Blood pressure and the risk of chronic kidney disease progression using multistate marginal structural models in the CRIC Study

CRIC Study Investigators

Research output: Contribution to journalArticlepeer-review

Abstract

In patients with chronic kidney disease (CKD), clinical interest often centers on determining treatments and exposures that are causally related to renal progression. Analyses of longitudinal clinical data in this population are often complicated by clinical competing events, such as end-stage renal disease (ESRD) and death, and time-dependent confounding, where patient factors that are predictive of later exposures and outcomes are affected by past exposures. We developed multistate marginal structural models (MS-MSMs) to assess the effect of time-varying systolic blood pressure on disease progression in subjects with CKD. The multistate nature of the model allows us to jointly model disease progression characterized by changes in the estimated glomerular filtration rate (eGFR), the onset of ESRD, and death, and thereby avoid unnatural assumptions of death and ESRD as noninformative censoring events for subsequent changes in eGFR. We model the causal effect of systolic blood pressure on the probability of transitioning into 1 of 6 disease states given the current state. We use inverse probability weights with stabilization to account for potential time-varying confounders, including past eGFR, total protein, serum creatinine, and hemoglobin. We apply the model to data from the Chronic Renal Insufficiency Cohort Study, a multisite observational study of patients with CKD.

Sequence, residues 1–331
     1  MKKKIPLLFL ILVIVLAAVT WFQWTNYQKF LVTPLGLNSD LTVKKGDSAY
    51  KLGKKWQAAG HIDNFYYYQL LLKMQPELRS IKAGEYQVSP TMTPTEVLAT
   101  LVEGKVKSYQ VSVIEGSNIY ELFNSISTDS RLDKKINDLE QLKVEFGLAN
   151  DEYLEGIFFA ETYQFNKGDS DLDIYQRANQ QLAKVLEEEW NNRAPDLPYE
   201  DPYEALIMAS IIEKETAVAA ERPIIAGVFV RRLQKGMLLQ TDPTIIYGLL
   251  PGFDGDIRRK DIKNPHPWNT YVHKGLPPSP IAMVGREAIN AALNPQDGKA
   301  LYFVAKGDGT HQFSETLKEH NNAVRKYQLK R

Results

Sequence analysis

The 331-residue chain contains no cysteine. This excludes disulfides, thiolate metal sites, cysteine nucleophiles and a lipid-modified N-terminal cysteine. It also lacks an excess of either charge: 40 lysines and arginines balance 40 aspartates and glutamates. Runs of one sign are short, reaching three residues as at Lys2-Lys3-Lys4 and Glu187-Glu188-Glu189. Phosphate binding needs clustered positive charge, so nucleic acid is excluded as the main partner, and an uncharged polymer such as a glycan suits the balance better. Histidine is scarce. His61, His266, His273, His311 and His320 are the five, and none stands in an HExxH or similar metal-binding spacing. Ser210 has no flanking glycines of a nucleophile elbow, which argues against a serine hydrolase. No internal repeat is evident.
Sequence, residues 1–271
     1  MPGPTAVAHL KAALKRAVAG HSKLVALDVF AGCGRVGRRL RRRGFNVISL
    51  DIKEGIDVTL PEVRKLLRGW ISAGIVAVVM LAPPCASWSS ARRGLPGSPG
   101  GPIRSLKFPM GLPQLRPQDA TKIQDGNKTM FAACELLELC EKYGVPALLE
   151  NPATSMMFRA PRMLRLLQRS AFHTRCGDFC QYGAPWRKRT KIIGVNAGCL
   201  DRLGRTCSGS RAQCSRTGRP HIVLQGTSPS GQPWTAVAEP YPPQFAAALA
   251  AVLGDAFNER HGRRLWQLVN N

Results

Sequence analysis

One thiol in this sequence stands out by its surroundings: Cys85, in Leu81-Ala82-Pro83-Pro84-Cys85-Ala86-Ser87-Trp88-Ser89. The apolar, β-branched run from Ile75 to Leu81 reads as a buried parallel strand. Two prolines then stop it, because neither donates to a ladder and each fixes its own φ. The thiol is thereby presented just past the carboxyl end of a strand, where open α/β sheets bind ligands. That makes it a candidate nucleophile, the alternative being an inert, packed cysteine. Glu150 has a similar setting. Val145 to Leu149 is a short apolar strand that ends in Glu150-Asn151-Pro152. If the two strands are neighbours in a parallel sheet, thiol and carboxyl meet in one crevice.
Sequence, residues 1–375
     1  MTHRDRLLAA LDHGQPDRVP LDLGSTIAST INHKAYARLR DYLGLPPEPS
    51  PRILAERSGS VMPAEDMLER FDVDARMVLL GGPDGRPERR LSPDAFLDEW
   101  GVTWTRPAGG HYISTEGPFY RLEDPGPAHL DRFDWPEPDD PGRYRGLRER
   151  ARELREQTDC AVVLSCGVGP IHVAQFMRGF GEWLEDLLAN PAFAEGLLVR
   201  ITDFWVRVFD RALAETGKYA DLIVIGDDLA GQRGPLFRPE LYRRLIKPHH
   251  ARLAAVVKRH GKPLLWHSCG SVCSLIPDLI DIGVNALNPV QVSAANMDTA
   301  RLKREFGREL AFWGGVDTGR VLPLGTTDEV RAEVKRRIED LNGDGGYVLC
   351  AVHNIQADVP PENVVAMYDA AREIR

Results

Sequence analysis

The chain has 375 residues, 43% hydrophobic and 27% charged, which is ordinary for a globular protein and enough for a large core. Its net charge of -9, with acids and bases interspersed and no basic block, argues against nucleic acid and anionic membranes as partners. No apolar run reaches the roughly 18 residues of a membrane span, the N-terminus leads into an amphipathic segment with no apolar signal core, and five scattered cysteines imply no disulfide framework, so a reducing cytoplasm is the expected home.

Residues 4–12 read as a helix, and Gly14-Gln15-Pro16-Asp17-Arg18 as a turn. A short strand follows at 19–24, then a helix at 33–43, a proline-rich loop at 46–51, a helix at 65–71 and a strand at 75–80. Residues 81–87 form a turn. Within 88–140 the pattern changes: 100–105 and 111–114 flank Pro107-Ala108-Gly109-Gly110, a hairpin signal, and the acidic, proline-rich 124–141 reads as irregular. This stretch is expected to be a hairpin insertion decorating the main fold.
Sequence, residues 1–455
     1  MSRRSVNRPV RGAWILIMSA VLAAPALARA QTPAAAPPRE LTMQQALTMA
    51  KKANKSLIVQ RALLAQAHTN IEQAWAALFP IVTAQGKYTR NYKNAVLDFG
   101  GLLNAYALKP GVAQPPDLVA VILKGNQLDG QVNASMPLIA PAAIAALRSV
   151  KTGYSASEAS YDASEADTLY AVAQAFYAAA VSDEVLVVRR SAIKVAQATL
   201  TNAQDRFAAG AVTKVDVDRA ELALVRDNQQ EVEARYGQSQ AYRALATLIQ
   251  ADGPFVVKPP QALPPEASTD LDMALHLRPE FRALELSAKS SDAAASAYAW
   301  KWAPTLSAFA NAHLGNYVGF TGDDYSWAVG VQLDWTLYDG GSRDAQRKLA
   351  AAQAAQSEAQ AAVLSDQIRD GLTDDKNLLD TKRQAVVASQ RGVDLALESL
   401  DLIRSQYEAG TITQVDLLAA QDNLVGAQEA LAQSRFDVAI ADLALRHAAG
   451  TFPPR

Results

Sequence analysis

Original languageEnglish (US)
Pages (from-to)4167-4181
Number of pages15
JournalStatistics in Medicine
Volume36
Issue number26
DOIs
StatePublished - Nov 20 2017

Keywords

  • causal inference
  • inverse probability weighting
  • multistate models
  • renal disease progression

ASJC Scopus subject areas

  • Epidemiology
  • Statistics and Probability

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